Friday, June 19, 2015

How shall we reclaim our Conference?

Before UNISON Conference I expressed my disappointment about the way in which Conference has evolved over the past twenty years.
I also said that I would comment further on the ways in which lay democrats within UNISON could try to turn this tide.
Since then, of course, I’ve been a bit busy.
At Local Government Conference delegates tried to get to the Emergency Motions which stood out from an otherwise anodyne Conference agenda (on which the Executive supported pretty much everything). We did not get where we wanted to on the agenda – and I particularly apologised to friends in the North (West). But at least we tried.
From the perspective of the first three (of four) days of National Delegate Conference it has to be said that the “snake” has slithered far more slowly – and also that the machine has succeeded in persuading delegates to (re)prioritise important (but non-controversial) composites above controversy which could make a difference to the Union itself.
However, National Delegate Conference also saw a glimmer of hope from the decision of our Standing Orders Committee (SOC) to readmit to the agenda amendment 106.2 from West Sussex. Although this is now unlikely to be reached (and therefore debated) – and although it is opposed by the National Executive Council (NEC) – the decision of the SOC to listen to arguments from a branch and apply the Rules in a way which at least offered Conference the possibility of a choice is welcome.
I don’t mean to be critical of any past SOC decisions (much) (and if I did I would be alleging that they had breached Rule P). However it will be important for the future of UNISON if our SOC continues to facilitate debate. The independence of a lay SOC from both the NEC and the officer machine is a fundamental building block of trade union democracy.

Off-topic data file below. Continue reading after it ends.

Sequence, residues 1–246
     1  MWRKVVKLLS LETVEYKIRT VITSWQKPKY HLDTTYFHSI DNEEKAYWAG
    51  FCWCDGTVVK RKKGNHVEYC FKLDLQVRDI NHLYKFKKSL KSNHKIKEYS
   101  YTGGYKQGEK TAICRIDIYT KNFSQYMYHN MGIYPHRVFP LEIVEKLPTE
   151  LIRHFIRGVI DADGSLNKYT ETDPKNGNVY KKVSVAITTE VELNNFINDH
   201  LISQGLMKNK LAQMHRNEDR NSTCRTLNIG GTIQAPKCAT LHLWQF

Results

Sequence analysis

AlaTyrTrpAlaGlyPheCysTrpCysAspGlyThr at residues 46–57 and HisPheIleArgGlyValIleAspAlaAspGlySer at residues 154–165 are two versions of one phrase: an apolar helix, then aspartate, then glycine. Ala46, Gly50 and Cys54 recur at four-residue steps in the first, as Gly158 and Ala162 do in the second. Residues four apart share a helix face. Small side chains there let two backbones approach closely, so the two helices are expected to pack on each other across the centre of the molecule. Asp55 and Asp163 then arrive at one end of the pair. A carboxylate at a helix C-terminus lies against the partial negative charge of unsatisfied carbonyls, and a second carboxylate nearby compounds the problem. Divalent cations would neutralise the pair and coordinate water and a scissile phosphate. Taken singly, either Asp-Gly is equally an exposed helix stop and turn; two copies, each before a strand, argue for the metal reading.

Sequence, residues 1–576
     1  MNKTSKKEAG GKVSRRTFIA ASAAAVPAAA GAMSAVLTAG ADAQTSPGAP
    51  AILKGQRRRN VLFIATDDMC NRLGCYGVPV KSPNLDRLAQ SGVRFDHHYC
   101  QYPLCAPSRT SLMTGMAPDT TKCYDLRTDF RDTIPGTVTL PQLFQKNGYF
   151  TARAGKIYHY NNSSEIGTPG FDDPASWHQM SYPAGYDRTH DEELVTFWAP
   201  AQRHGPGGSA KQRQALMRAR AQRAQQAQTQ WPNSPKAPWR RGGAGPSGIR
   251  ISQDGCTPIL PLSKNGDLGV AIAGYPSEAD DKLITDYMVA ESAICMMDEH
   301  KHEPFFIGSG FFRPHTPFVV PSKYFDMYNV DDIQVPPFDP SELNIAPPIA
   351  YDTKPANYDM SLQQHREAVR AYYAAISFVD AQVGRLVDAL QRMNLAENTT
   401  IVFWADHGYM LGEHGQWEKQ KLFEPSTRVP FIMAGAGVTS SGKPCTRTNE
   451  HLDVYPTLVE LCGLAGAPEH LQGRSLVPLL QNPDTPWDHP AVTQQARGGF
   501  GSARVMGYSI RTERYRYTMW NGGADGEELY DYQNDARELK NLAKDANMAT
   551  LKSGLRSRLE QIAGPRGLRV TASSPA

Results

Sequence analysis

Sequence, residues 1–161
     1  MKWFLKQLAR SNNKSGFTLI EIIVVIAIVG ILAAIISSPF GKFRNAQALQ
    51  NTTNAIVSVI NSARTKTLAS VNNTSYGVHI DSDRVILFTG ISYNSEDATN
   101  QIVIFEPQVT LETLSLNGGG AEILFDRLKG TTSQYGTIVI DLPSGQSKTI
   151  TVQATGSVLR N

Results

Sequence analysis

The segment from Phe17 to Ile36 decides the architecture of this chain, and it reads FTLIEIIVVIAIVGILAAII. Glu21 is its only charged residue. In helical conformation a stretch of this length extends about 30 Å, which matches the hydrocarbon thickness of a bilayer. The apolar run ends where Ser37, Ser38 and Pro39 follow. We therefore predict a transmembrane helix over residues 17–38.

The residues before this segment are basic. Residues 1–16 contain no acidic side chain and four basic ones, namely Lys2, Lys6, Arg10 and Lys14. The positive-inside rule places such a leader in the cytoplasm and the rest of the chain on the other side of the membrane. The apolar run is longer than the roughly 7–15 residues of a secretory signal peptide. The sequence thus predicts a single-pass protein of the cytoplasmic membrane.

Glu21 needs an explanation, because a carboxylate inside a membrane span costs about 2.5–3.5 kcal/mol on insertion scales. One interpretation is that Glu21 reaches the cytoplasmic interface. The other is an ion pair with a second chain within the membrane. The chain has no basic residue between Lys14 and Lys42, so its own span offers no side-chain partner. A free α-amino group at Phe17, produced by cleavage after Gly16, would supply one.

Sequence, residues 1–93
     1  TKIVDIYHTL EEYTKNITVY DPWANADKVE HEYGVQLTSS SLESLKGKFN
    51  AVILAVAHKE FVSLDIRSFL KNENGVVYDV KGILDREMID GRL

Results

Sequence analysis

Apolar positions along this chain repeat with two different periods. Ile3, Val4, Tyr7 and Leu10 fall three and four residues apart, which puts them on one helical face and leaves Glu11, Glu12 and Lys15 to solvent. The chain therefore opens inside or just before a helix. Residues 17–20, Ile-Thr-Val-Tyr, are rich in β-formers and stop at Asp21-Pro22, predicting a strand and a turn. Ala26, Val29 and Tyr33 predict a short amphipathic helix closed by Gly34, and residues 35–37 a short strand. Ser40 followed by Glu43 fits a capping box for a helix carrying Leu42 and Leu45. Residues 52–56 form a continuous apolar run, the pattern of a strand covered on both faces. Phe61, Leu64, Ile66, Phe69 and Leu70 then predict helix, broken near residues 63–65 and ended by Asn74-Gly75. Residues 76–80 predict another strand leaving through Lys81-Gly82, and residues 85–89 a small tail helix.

However, if we want a Conference worthy of its status as the “supreme government” of our Union there are things that we – as lay activists – need to do both before and after SOC get to see the motions we submit. First, we need to coordinate, between branches, about the submission of motions (and Rule Amendments) targeted at achieving positive change in our trade union.
Recognising that the task of restoring Conference to its proper status will take some years we need to try to find – and agree upon – no more than one or two key priorities for next year, which should be issues in relation to which a Conference decision is both feasible and would make a difference.
Secondly, we then need to campaign for the prioritisation of these items in the pre-Conference prioritisation process. This process (like the reprioritisation process which is its daughter) is deeply flawed (why, for example, should the NEC have a say in either process? What is fair about the relative weight assigned to the priorities of the various UNISON bodies involved, some of which are more readily manipulated than others?). However, for now this is the process which we have – and we must play by the rules which have been written by those who do not want a vibrant, democratic Conference,

Those branches who believe in lay leadership, democracy and accountability to the membership (you know who you are...) need to make arrangements to communicate in the autumn in order to resolve upon our priorities for 2016.

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